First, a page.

I would defer to others with specific info about the area you're moving to, but do a little investigation and the extended hotel thing might work ok. FWIW, it was really nice to have housekeeping and go out to eat a lot during the beginning of my new position....
posted by Tandem Affinity at 11:52 AM on January 3


I've done four pretty big moves: once intrastate, once cross-country, and twice internationally. In the first case I went out ahead of time overnight and set up a bunch of apartment viewings and signed a lease before moving out; in the cross-country move and one international move I stayed in short term accommodations for a few weeks while I looked and signed a lease; in the other international move I hired someone to line up a place for me before I moved.

Each one worked well, but going out ahead of time and finding a place was by far the cheapest (of course, that just meant driving to Pittsburgh from eastern PA and staying over one night, not flying to California and renting a car, etc.).

One thing that factored into my process was how soon I could move into a place that I signed a lease for. In each case the lease started on the 1st of a month, so I either had to find short-term accommodations anyway for the interim between moving and being able to move in or eat some of the rent payment (ie, lease the place beginning August 1 and move in on August 20) because I couldn't move right away.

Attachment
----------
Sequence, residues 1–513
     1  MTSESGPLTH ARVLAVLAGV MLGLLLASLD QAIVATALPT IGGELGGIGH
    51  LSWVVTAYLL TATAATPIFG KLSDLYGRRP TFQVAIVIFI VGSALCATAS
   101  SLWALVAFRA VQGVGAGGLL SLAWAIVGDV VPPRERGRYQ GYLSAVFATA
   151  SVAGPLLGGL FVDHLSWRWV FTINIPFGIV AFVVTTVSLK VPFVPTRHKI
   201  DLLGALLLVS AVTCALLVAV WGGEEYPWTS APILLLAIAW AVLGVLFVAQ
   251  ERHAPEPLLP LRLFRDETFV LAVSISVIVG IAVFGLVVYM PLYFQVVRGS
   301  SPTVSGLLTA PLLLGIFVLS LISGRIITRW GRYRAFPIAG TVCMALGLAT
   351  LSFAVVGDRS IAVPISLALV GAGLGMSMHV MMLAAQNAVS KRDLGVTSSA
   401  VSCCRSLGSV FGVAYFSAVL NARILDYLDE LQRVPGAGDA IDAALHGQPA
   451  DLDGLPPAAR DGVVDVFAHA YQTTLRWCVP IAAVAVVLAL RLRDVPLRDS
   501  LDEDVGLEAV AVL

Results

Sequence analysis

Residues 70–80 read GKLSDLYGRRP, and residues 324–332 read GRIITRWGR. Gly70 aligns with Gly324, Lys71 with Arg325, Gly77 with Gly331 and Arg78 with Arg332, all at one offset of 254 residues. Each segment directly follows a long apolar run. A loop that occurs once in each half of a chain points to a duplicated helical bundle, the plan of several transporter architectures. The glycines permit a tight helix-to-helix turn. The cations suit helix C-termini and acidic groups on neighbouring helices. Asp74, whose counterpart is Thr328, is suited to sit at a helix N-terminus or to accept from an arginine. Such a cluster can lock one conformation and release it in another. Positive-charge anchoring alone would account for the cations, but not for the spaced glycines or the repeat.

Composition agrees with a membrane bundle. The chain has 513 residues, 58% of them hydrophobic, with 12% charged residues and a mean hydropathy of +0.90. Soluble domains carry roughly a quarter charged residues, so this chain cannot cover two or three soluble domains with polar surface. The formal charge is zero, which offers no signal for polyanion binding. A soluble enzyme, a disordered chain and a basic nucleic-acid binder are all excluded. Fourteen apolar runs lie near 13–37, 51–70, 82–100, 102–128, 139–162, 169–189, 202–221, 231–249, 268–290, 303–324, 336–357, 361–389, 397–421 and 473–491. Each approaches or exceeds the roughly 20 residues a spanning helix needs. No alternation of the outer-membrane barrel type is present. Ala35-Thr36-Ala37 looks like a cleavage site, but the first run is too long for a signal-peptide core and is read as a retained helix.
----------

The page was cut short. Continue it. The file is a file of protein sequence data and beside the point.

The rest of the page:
If you need to start your job around mid-January, you'll only be able to avoid this situation if you find somewhere that has an immediate vacancy--not that common in my experience, but maybe possible?

A lot of this depends on how much you know about where you want to live. When I moved to Pittsburgh, I was already familiar with the city and knew which neighborhoods I wanted to live in. It's much tougher to nail down a lease in a weekend if you're starting from scratch in a new area.

All things being equal, I'd deal with the hostel (hostile! :) ) for the latter half of January until I could poke around the area on my own and figure out where I wanted to live.

If the hostel is a non-starter and you will just have a hotel for a few weeks instead, then the cheaper option might be to fly out ahead of time and rent a car for a few days; this option is also riskier if you don't know the neighborhoods--you'll be under such pressure to sign a lease by the end of your weekend that you could find yourself living damn well anywhere.
posted by MoonOrb at 12:01 PM on January 3


If there are any listings for sublets in your new town on Craig's List, I would suggest looking at those. A shorter term commitment like that will give you some time to get the lay of the land and figure out where you want to put down stakes longer-term.

Those of us living in California could give you better information if we knew where exactly you were moving. "Downtown, small city" could mean a lot of different things, and people might be able to share pointers about specific neighborhoods if we knew your destination.
posted by ambrosia at 12:12 PM on January 3


It's Sacramento. It's not big and it looks like there are plenty of dumpy/scary parts of town that I don't feel like putting this up to chance. I visited it for my job interview and spent a few days walking around the walkable hours. I didn't get a car so I don't know what it's like outside of those areas.